Publication Date

2015-07-29

Availability

Open access

Embargo Period

2015-07-29

Degree Type

Dissertation

Degree Name

Doctor of Philosophy (PHD)

Department

Educational and Psychological Studies (Education)

Date of Defense

2015-04-21

First Committee Member

Etiony Aldarondo

Second Committee Member

Soyeon Ahn

Third Committee Member

Debbiesiu Lee

Fourth Committee Member

John Paul Russo

Fifth Committee Member

Carlos Perez Benitez

Abstract

Posttraumatic growth (PTG) is an area of research that describes the positive psychological changes that often occur after a traumatic event (Tedeschi & Calhoun, 2004). To date, PTG has been documented in many countries for individuals that have experienced a range of traumatic experiences (Tedeschi & Calhoun, 2004; Weiss & Berger, 2010a). However, there is no research on PTG changes as a result of participation in psychological treatment with Latinas in the US. This study used data obtained at a local community mental health clinic to assess PTG levels before and after a trauma treatment among 77 Latinas victims of interpersonal violence. It was hypothesized that: 1. There would be a significant increase in PTG from pre to post treatment, 2. religious affiliations and attending religious services would be positively associated with PTG at post intervention, 3. minutes and duration of treatment would be positive predictors of PTG, 4. post-treatment PTG would be positively associated with post-treatment PTSD symptoms. It was concluded that pre-treatment PTG was a positive predictor while post-treatment PTSD symptoms were negatively associated with post-treatment PTG. Measures of religion were not significant predictors of post-treatment PTG. Clinical implications of this study are discussed and recommendations are made for further research on PTG change during treatment.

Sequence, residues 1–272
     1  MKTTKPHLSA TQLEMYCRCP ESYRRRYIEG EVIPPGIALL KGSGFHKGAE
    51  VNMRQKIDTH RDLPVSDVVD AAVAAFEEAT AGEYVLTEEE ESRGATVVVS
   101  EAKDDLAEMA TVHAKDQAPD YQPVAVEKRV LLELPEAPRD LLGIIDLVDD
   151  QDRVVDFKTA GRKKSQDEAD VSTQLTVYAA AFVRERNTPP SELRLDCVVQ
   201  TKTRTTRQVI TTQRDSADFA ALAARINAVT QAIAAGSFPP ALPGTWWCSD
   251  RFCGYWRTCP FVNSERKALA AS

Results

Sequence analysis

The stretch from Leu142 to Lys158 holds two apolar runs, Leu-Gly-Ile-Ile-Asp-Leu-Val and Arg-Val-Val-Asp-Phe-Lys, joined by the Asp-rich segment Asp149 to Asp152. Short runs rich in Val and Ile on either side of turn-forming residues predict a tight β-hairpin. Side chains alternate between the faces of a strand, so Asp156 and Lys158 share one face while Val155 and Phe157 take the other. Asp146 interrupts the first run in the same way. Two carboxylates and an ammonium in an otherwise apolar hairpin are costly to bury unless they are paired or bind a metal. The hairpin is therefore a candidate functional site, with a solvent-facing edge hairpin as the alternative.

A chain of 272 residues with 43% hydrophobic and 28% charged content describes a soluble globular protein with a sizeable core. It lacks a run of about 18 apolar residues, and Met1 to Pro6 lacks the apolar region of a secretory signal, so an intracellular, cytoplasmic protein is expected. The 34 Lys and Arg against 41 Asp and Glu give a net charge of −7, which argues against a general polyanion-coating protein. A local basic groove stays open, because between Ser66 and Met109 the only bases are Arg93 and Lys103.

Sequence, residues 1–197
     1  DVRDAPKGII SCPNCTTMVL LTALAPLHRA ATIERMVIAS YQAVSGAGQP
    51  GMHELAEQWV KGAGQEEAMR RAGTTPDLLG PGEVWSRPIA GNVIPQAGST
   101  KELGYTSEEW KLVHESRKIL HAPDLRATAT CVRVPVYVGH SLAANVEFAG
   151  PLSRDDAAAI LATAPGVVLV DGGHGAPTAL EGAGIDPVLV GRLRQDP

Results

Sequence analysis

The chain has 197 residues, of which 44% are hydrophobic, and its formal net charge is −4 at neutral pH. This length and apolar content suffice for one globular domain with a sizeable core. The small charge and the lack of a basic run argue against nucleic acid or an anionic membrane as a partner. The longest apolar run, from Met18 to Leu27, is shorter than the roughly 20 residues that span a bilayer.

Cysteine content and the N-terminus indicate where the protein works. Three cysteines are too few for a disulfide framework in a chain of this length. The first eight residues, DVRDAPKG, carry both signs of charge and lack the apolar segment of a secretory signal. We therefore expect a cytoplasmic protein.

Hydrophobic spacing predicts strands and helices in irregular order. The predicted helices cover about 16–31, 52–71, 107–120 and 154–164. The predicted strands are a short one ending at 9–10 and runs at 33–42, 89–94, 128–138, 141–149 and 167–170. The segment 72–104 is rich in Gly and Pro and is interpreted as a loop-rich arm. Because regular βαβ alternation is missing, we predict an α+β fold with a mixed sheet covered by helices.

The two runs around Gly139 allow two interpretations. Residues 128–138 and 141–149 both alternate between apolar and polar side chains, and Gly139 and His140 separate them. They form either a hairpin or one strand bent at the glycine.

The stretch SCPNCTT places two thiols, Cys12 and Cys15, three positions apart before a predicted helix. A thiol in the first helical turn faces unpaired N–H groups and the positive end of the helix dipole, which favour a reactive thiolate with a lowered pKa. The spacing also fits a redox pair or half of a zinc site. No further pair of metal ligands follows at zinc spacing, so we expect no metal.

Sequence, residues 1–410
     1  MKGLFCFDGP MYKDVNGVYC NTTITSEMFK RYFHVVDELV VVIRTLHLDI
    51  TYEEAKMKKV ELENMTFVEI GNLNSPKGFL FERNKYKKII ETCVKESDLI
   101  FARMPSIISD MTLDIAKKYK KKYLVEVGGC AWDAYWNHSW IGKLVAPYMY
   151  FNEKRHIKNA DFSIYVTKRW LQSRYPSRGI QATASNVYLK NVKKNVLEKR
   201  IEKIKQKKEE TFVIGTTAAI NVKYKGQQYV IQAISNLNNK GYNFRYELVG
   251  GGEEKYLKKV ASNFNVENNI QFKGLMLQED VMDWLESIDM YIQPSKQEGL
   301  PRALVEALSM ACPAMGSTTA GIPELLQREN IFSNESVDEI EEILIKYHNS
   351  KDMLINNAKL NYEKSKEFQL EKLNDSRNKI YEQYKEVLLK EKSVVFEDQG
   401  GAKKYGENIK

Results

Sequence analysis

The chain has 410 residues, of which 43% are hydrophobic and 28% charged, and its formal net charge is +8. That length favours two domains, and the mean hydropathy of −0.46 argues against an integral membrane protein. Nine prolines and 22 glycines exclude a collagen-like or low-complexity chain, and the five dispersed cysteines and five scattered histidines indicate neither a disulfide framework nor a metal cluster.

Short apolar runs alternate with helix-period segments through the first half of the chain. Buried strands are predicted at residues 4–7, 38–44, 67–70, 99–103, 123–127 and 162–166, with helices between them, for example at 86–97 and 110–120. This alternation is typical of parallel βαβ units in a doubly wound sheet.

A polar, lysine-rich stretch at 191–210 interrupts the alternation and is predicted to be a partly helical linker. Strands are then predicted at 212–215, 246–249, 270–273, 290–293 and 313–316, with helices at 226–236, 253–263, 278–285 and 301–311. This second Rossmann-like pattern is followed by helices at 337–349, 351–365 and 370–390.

Keywords

postraumatic growth; interpersonal violence; trauma; Latina; Hispanic; Traumatic Incident Reduction

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